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This photo provided by Columbia Pictures - Sony shows, from left, Diana Bang, as Sook, Seth Rogen, as Aaron, and James Franco, as Dave, in Columbia Pictures' "The Interview." When a group claiming credit for the hacking of Sony Pictures Entertainment threated violence against theaters showing “The Interview” earlier this week, the fate of the movie was all but sealed. Even though law enforcement didn’t deem the threats of violence credible, theater owners and Sony undoubtedly considered the 2012 massacre of a dozen people in a Colorado movie theater. That attack came without warning, and there was no precedent for such mass violence against a U.S. movie audience. (AP Photo/Columbia Pictures - Sony, Ed Araquel)

“The Interview” will go down as the satire that provoked an authoritarian dictatorship, roiled Sony Pictures in a massive hacking attack and prompted new questions of cyber warfare, corporate self-censorship and comedic audacity.

In this image released by Paramount Pictures, Carmen Ejogo portrays Coretta Scott King in a scene from "Selma." (AP Photo/Paramount Pictures, Atsushi Nishijima)

DuVernay, a former publicist with two low-budget dramas to her name, dramatizes the events around the 1965 Civil Rights march through Alabama, from Selma to Montgomery, with a straightness of purpose befitting the famous protest’s direct path.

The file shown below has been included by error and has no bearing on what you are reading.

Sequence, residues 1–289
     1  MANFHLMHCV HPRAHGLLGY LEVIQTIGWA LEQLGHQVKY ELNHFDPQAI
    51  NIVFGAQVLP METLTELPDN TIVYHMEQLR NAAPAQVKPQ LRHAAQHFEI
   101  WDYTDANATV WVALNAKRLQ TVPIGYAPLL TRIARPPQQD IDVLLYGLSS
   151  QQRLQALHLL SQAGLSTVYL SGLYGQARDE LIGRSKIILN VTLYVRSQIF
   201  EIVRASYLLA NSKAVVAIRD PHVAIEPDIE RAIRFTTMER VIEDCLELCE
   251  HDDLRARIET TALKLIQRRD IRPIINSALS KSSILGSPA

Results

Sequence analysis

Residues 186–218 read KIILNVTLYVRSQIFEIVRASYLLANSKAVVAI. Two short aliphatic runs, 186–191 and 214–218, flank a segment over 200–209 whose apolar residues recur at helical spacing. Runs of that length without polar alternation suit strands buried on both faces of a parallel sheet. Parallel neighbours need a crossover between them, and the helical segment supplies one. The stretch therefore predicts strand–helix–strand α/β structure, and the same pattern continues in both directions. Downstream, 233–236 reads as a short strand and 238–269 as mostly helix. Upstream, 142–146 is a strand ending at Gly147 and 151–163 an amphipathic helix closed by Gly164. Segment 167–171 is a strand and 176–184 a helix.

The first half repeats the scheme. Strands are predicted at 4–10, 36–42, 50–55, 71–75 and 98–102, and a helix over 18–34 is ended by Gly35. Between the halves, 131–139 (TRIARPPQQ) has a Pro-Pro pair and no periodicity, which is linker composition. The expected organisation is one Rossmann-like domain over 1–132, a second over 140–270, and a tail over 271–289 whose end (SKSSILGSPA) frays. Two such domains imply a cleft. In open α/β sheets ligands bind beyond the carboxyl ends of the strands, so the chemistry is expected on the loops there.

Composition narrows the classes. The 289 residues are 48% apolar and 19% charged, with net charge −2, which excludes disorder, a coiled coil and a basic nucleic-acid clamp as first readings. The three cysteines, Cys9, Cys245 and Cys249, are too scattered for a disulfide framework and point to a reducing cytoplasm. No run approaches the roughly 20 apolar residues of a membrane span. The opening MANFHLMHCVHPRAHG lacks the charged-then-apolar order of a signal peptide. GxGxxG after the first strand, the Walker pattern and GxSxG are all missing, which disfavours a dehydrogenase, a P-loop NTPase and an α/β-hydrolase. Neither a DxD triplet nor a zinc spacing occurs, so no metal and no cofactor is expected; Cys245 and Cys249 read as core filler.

In this image released by The Weinstein Company, Amy Adams appears in a scene from "Big Eyes." (AP Photo/The Weinstein Company, Leah Gallo)

It would have been nice if Burton explored that concept more deeply, but what he’s given us is enjoyable and engaging: A visually stunning (no surprise there) evocation of the San Francisco art scene in the ’60s, and an absorbing portrait of a disturbing marriage.

DENVER | At least two Colorado movie theaters in Colorado say they will be offering showings of “The Interview” on Christmas Day. The Alamo Drafthouse Cinema in Littleton and the Lyric Cinema Cafe in Fort Collins have announced showings of the Sony Pictures comedy that has ignited an international incident with North Korea. Sony has authorized theaters […]

Brandon Delaney, general manager of the Plaza Theatre, in Atlanta, Ga., finishes hanging the marquis Tuesday, Dec. 23, 2014 to announce that the theatre will be showing "The Interview."  “The Interview” was put back into theaters Tuesday when Sony Pictures Entertainment announced a limited Christmas Day theatrical release for the comedy that provoked an international incident with North Korea and outrage over its cancelled release. (AP Photo/Atlanta Journal-Constitution, Ben Gray)

“We play a lot of controversial pictures, things I don’t necessarily agree with, but I will never censor them,” he said. “It’s not for me to decide. It’s for the customer to decide. If they want to come, they’ll spend their money. If they don’t, that’s their choice. It should not be the choice of somebody from North Korea or China or anywhere else.”

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